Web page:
• Its veneer of authority and comprehensiveness, since we are adding much semi-digested material without having the time to incorporate it fully; many ‘stub entries’ on the Wikipedia model, and many draft additions, all marked as such. Making the material available seemed important enough that it was worth exposing the fact (which was always true) that the MED, like almost any dictionary, is always a contingent set of surmises, always a semi-informed work in progress.

What will stay the same:

  • The same familiar structure.
  • The same text, aside from corrections, etc.
  • The same editorial principles.
  • A continuous editorial tradition (some of the same lexicographers).
  • An unchanged platform for the Corpus, at the moment, since it sits on a generic library text-serving platform that will be upgraded separately.

Work still in progress:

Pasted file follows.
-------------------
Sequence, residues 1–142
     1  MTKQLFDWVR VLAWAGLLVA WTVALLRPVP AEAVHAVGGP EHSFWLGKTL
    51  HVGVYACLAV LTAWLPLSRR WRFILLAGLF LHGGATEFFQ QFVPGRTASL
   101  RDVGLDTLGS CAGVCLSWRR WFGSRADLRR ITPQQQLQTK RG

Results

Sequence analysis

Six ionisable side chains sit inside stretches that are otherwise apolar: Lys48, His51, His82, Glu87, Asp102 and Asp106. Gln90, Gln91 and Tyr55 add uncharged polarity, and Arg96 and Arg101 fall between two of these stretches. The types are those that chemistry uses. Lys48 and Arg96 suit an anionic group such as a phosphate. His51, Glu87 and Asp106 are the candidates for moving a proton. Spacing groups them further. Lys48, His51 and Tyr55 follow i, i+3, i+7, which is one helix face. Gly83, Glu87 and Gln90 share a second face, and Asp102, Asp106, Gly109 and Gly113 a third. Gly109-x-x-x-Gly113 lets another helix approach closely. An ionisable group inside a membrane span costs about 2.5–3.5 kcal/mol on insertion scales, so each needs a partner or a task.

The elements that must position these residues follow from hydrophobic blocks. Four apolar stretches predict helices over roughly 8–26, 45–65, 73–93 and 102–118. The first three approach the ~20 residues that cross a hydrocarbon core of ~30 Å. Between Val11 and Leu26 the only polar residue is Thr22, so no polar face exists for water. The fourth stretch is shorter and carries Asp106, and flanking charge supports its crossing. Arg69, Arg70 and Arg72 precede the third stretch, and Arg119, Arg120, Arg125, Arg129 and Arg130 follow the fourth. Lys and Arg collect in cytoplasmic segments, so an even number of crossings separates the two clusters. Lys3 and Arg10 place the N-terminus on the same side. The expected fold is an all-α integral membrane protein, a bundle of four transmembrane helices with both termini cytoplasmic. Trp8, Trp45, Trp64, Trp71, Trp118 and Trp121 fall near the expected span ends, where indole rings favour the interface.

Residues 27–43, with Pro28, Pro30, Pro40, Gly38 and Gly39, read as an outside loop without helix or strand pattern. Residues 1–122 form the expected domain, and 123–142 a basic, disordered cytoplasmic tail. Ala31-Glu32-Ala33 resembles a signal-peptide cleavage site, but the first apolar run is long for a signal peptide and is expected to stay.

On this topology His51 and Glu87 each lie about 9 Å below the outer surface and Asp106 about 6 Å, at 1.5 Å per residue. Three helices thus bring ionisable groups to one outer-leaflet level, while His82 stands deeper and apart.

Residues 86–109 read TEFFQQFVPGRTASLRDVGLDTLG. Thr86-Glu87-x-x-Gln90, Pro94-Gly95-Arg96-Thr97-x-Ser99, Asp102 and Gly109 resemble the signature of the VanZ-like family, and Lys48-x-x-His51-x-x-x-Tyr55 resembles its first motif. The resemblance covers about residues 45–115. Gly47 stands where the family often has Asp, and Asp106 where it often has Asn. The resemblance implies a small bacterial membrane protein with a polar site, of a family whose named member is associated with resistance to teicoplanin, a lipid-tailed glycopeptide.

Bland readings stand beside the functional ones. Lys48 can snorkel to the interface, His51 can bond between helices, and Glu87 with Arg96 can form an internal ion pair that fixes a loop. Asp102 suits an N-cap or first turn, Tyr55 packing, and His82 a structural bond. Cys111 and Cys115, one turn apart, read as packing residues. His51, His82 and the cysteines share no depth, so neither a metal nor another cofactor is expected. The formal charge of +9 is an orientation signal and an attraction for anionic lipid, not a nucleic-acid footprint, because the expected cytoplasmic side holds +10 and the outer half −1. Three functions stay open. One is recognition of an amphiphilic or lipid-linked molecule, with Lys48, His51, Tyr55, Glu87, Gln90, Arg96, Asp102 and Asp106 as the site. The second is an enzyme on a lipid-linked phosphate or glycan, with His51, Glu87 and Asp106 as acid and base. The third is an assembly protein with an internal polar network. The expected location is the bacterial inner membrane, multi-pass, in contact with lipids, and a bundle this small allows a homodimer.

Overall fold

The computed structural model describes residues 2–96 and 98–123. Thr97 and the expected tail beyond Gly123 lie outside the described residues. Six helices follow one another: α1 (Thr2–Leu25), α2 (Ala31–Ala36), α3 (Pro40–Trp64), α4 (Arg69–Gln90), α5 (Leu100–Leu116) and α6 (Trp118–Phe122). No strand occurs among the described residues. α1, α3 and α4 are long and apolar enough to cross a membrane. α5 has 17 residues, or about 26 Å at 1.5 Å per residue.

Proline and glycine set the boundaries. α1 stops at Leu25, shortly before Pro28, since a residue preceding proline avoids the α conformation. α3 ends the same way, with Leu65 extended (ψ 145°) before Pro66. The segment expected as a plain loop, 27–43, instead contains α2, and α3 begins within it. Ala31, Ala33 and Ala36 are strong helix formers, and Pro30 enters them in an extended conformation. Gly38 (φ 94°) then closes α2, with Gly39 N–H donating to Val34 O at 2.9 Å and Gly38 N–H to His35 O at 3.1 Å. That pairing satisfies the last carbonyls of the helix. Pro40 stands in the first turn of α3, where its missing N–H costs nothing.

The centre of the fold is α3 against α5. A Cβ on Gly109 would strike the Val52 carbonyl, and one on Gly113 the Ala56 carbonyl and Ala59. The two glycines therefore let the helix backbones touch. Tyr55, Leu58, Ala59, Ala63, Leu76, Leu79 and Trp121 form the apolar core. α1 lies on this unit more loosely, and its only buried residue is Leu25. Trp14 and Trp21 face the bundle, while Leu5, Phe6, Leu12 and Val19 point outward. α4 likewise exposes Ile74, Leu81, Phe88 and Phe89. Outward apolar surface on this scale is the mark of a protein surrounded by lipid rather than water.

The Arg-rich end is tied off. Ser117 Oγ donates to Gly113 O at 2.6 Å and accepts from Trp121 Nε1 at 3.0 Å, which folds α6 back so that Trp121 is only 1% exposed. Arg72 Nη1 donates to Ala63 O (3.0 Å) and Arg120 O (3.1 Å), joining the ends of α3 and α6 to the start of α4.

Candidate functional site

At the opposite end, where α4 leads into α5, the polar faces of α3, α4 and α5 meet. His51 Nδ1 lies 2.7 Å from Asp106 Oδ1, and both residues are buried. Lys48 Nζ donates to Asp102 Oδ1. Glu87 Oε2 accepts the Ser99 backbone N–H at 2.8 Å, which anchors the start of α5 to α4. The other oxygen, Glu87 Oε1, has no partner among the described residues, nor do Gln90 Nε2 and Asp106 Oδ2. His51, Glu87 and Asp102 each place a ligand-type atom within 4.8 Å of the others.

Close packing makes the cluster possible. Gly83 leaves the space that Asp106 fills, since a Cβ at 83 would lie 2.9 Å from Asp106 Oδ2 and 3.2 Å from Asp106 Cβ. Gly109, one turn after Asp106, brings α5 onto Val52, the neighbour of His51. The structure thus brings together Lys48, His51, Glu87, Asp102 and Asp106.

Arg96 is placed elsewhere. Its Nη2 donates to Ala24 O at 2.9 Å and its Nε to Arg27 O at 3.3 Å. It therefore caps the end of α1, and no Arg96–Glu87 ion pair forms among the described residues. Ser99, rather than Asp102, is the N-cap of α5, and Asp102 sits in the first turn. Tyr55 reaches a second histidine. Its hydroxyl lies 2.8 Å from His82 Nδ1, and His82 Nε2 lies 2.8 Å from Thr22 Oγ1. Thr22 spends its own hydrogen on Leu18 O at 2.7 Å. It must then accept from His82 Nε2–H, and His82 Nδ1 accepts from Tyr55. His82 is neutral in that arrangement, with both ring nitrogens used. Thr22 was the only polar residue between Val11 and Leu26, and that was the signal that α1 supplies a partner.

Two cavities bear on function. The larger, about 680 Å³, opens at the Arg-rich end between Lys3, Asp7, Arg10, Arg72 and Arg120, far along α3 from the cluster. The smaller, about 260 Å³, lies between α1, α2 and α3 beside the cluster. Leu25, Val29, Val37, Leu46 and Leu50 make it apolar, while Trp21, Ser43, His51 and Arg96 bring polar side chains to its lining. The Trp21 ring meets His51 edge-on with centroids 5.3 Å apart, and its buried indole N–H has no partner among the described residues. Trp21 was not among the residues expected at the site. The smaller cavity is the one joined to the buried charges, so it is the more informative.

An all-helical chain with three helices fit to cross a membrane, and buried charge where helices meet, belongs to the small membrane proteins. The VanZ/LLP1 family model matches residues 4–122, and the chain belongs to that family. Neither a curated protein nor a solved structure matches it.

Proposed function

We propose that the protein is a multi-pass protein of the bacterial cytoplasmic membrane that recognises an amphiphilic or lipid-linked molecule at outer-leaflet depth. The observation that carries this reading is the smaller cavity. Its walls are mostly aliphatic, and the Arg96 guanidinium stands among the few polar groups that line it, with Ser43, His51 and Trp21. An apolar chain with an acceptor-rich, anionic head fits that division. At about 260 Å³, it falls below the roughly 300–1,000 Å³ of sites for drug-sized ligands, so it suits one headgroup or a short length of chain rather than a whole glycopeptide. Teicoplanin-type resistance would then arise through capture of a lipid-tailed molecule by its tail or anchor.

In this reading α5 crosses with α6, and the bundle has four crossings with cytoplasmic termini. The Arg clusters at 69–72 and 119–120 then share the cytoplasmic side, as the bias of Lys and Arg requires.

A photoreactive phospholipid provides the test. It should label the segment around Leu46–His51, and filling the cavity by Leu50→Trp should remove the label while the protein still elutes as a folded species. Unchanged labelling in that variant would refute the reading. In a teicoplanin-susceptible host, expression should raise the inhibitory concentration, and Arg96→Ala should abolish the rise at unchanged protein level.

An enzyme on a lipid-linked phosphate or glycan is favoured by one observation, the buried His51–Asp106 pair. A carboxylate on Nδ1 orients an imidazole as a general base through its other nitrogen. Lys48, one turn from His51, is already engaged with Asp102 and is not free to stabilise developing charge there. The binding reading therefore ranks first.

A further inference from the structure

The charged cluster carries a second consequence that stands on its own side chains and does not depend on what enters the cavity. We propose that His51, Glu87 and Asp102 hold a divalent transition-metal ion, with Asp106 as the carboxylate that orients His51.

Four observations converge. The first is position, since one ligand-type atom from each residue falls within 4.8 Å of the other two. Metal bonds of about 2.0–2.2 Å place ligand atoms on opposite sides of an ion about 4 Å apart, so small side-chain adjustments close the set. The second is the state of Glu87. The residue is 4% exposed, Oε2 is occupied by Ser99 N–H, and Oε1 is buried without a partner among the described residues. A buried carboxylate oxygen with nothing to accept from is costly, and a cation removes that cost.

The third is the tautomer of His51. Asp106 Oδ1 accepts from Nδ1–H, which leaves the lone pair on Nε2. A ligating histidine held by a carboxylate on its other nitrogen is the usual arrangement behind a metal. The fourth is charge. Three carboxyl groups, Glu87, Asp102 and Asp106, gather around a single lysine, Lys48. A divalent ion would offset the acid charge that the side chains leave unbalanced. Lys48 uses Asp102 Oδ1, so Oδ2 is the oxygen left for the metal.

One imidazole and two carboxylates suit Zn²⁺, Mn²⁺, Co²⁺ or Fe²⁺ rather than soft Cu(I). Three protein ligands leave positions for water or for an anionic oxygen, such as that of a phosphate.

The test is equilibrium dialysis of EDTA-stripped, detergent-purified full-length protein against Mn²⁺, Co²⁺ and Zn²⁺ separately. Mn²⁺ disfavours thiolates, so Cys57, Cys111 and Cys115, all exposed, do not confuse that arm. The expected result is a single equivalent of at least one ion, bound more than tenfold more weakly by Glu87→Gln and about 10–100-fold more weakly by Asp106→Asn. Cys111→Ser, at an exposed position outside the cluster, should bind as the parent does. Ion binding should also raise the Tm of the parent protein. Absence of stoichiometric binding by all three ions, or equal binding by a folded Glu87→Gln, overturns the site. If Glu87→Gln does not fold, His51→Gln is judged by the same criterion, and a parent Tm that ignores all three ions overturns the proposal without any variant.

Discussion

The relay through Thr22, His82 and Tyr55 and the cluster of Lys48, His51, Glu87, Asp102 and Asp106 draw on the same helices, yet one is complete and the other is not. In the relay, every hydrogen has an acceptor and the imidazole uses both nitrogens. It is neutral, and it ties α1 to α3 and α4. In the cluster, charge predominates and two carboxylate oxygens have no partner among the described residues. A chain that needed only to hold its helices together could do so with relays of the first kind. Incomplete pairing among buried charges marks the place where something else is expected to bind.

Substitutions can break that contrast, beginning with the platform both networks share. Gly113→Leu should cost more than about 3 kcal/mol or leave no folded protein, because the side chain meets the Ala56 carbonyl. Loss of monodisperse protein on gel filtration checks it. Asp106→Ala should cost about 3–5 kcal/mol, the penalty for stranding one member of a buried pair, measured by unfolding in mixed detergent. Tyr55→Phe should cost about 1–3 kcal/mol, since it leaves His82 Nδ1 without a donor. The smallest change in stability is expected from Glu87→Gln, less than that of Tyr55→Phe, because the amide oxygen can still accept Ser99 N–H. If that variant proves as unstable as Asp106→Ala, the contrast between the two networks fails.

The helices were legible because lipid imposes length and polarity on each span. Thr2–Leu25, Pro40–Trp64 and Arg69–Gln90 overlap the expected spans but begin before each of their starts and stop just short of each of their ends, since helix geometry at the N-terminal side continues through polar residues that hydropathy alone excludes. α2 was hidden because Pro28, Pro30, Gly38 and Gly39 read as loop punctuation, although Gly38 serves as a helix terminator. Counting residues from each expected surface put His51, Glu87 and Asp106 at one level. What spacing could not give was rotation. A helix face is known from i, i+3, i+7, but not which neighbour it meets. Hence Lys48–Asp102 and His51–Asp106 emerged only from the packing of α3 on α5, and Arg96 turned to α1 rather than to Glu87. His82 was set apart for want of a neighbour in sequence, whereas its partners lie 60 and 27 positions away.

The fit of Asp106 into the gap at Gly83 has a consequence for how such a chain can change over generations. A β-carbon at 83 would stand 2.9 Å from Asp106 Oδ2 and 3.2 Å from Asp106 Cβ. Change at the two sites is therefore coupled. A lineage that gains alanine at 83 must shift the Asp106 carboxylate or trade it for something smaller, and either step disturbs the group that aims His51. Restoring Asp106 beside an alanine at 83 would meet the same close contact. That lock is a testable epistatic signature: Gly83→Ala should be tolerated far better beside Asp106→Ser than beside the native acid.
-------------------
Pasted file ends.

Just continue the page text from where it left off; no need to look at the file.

• Ongoing correction and supplementation.
  • Identification and regularization of taxonomic ‘binomials’.
  • Identification of internal cross-references and implementation as links.
  • Identification and unpacking of cited phrases and compounds.
  • Expansion of the inconsistent lists of spellings.


With thanks to:

  • The U.S. National Endowment for the Humanities
  • The University of Michigan Library
  • Michigan’s MED gift fund

Staff: Paul Schaffner (editor, P.I.); John Latta and Mona Logarbo (editors); Robert E. Lewis (MED chief editor emeritus; volunteer editor); Evan David, Sarah Huttenlocher, and Alyssa Pierce (editorial assistants); Chris Powell (eagle-eyed retrieval specialist); Bill Dueber, Gordon Leacock, and Tom Burton-West (programmers); Ben Howell (interface designer); Bridget Burke (interface developer); and Nabeela Jaffer (implementation project manager).


Digital Johnson’s Dictionary